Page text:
Providing Informed Referrals for Immigrant Populations

JAMISON, Mark A. (2016) Providing Informed Referrals for Immigrant Populations. Paper presented at: IFLA WLIC 2016 – Columbus, OH – Connections. Collaboration. Community in Session 125 - Reference and Information Services.

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Language: English (Original)
Available under licence Creative Commons Attribution.


Providing Informed Referrals for Immigrant Populations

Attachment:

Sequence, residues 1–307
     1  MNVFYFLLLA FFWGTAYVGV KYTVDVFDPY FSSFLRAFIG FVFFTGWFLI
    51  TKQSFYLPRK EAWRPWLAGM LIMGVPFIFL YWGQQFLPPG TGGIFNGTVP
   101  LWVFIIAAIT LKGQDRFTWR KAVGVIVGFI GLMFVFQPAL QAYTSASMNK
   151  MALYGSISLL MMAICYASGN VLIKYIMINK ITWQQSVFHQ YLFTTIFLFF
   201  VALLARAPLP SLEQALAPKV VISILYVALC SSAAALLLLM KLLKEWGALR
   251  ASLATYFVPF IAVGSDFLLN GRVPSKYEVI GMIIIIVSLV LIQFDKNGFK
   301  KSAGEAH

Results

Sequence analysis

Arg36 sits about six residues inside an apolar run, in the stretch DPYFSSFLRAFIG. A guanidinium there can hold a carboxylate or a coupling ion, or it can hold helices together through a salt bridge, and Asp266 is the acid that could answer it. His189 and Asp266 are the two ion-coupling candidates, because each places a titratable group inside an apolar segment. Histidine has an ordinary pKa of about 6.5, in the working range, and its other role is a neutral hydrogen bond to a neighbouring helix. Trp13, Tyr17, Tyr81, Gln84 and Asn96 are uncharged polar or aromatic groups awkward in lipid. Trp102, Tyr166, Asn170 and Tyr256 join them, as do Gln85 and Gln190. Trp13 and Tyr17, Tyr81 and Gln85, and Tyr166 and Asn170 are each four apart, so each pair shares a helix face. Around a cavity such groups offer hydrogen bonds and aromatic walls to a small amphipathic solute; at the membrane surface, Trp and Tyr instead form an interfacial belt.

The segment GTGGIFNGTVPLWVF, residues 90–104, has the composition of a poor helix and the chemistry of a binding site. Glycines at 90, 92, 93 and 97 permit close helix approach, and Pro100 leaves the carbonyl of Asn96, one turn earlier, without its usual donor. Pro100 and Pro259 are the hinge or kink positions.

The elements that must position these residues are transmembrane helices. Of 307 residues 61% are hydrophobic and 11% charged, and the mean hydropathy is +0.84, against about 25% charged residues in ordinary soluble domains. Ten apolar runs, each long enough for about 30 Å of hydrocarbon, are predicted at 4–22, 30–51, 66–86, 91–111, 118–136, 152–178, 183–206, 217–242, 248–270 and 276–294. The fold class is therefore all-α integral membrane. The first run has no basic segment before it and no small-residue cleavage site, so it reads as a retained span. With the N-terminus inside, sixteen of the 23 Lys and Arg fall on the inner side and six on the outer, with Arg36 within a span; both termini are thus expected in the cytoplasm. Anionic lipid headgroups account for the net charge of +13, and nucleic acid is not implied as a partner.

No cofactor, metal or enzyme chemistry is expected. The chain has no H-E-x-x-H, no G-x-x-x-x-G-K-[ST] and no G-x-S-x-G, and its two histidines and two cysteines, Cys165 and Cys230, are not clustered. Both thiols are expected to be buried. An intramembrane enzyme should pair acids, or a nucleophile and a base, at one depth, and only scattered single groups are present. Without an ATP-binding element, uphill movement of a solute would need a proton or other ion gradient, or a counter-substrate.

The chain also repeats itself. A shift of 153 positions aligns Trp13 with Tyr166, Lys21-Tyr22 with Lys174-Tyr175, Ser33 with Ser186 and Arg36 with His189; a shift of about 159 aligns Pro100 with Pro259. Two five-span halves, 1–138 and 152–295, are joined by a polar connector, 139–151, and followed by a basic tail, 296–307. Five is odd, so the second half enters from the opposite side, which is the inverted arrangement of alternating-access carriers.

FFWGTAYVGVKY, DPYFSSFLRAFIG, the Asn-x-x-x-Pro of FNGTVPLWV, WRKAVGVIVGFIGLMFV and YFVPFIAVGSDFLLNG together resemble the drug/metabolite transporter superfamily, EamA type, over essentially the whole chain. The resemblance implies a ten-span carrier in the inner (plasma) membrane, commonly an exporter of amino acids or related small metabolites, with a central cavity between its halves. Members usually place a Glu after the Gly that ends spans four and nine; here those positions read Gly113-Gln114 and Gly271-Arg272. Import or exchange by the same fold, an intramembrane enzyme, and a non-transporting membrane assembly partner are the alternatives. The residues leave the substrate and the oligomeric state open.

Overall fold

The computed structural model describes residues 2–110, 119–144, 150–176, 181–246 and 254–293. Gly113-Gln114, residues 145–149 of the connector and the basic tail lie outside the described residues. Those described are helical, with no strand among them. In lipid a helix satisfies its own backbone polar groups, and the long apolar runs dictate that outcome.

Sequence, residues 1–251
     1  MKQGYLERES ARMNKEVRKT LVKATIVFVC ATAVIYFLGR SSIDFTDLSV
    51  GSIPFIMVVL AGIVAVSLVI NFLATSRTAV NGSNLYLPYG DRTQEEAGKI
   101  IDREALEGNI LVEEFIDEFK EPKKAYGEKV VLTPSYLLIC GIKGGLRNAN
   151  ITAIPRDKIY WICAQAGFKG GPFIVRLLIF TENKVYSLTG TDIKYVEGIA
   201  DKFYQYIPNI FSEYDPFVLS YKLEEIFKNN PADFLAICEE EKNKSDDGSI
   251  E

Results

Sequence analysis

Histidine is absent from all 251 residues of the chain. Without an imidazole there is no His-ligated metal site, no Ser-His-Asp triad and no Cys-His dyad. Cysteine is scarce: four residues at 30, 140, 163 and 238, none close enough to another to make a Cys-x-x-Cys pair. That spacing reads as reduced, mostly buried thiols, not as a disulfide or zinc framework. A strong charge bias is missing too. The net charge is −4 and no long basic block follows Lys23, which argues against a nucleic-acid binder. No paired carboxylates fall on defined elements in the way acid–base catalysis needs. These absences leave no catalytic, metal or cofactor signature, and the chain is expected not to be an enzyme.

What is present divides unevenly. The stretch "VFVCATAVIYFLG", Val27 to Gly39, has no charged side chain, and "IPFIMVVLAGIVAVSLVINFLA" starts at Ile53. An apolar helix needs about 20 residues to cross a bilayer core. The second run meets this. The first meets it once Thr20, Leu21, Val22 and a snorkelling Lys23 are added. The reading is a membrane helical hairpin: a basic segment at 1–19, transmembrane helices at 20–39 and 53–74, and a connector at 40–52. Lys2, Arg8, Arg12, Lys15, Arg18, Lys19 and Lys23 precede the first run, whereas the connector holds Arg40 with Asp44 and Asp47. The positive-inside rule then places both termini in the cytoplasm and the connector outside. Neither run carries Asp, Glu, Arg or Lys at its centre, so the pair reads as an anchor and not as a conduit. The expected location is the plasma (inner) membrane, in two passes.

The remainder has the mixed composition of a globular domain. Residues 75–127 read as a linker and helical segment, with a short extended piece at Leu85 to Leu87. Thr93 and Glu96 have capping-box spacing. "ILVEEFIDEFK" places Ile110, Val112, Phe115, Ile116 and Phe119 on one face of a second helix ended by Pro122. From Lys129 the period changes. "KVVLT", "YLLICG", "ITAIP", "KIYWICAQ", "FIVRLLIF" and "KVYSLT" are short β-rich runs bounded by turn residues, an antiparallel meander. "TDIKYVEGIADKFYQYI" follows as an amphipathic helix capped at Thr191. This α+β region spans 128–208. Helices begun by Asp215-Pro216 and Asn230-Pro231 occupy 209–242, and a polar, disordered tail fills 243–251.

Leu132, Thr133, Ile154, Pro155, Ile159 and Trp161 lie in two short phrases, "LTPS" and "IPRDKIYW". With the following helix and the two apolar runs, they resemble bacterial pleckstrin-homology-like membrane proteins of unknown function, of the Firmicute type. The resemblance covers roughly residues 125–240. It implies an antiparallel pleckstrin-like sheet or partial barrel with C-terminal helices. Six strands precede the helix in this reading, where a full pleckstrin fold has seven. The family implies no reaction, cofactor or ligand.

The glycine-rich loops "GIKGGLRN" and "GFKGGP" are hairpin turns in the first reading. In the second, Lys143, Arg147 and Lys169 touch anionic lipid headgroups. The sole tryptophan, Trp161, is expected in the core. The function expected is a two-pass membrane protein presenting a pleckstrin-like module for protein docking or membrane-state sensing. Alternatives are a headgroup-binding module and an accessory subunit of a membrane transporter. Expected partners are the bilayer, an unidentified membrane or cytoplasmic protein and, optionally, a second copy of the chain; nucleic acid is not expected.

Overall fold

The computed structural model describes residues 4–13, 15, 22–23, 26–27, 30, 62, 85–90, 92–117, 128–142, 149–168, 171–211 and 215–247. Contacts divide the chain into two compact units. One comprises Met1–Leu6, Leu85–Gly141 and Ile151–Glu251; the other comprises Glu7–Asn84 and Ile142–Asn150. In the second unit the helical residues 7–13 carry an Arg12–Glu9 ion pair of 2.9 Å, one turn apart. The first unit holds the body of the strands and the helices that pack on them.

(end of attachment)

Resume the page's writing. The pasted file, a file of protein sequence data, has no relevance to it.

As immigration continues to be an important topic in the sociopolitical world, libraries have increasingly become a trusted provider of information services for immigrants, English-language learners and new Americans. Strategically located in the most diverse county in the United States, Queens Borough Public Library, recipient of a grant from the Institute of Museum and Library Services, has developed a curriculum and already trained over 200 librarians and public-serving staff members on enhancing reference services to immigrant customers, just over half of the project goal of 400 by early 2017. Queens Library staff members have participated in an extensive workshop-based training program that develops core skills, such as cultural competence, communication, creating and maintaining referral systems, and developing key community partnerships. These workshops have increased the quality of information services by further aligning Queens Library’s Core Values and Mission of meeting the “informational, educational, cultural, and recreational needs” of our ever-changing and diverse community. This presentation and paper highlights the successes and lessons learned in the implementation of the “Librarian Digital & Integration Gateway Project” at Queens Library and its impact on internal and external services and partnerships, connecting with immigrants and English-language learning populations, and increasing informational and organizational referrals for patrons.

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